Under the California Labor Code Section 1102.5, covered employers are prohibited from enforcing any rule or regulation within their workplaces that disallows employees to disclose any information about their illegal activities to any government or law enforcement agency. Other California laws also provide that employers cannot subject employees to an adverse employment action in retaliation for divulging such information. Although the prevailing state laws give employees the opportunity to do what is right and just, there are some companies and employers that continually commit actions that are considered retaliatory, disregarding the consequences of violating these laws. This is why it is no surprise that workplace retaliation is still one of the prevailing issues in the realm of employment in California.
Wage earners, for the most part, are entitled to assert their rights, especially when they experience problems with their employers regarding their wages or their working conditions. In these instances, workers can file their complaints with any of the appropriate agencies in California that focus on employment, like the Department of Labor Standards Enforcement (DLSE), also known as the Office of the Labor Commissioner. However, some employers, upon finding out what their workers did, may likely retaliate against them by demoting them, denying them of their wages, disciplining them by having them serve suspensions or rendering longer working hours, reassigning them to another job or having them relocated to another worksite, or even having them fired immediately.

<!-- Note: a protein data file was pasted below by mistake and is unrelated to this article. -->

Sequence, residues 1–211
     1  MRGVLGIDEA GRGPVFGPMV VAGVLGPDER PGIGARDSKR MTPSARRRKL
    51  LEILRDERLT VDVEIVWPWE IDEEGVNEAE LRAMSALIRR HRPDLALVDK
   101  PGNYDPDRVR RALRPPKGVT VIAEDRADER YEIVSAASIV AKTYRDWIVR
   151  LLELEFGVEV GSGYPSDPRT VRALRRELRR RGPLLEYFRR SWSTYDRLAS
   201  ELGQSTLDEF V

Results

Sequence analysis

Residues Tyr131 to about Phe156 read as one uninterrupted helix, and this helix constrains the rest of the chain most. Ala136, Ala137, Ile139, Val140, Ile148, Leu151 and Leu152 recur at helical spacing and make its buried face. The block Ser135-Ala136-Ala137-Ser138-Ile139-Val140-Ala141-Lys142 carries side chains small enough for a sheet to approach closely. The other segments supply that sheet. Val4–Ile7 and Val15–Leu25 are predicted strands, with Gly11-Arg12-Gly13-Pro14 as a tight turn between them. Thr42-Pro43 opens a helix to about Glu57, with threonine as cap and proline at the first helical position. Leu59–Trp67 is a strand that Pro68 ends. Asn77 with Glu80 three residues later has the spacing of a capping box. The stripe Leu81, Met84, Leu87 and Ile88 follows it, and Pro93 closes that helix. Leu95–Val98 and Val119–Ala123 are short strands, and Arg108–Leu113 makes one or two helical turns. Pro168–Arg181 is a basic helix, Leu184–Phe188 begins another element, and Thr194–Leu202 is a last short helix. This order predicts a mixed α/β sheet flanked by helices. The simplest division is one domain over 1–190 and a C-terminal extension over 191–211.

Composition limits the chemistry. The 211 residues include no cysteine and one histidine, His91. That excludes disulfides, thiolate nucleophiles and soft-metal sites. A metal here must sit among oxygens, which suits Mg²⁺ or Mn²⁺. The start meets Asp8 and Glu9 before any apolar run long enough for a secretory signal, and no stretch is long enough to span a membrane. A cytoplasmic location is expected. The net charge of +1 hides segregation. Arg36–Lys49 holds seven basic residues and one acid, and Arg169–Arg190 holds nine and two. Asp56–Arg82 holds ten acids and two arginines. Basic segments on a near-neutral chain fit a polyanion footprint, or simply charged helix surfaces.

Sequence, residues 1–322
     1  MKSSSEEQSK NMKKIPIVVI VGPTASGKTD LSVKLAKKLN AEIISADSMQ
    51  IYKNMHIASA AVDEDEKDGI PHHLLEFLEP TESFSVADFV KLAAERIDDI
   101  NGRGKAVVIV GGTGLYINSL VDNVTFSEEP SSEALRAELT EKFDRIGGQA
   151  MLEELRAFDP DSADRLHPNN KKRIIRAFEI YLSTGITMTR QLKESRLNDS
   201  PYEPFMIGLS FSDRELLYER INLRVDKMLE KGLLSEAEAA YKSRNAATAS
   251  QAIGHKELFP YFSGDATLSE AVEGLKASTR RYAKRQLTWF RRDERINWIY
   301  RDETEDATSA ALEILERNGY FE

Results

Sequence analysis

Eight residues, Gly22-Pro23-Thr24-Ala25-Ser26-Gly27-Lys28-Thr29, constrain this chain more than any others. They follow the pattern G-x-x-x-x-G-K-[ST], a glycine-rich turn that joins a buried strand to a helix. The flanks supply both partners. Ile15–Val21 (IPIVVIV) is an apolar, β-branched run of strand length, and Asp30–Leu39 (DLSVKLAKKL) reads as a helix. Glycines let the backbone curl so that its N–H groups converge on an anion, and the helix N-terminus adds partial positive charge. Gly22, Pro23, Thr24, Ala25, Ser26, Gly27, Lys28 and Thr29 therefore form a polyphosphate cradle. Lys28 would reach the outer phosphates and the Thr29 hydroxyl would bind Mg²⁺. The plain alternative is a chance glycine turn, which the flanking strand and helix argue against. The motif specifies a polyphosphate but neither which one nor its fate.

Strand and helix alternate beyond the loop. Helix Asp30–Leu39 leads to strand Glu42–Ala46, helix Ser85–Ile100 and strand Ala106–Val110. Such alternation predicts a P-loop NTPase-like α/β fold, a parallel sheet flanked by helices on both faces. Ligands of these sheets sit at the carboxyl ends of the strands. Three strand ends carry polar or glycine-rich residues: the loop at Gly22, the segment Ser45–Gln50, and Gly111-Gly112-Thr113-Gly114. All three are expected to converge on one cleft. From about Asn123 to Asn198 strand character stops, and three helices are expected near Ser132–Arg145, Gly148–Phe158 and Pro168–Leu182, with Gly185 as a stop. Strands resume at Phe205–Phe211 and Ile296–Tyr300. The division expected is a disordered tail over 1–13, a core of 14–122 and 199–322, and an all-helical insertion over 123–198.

To better understand what Labor Code retaliation and retaliatory actions in violation of the other state laws, below are some of the instances wherein workers are retaliated against in employment just because they did something that is protected under the law:
California Labor Code retaliation and other retaliatory actions that violate federal and state employment laws may not be totally eradicated, but they could be alleviated with the help of agencies who are ready to help aggrieved employees get the justice they deserve. Alternately, they may seek to consult with attorneys who specialize in employment and labor law in the state.
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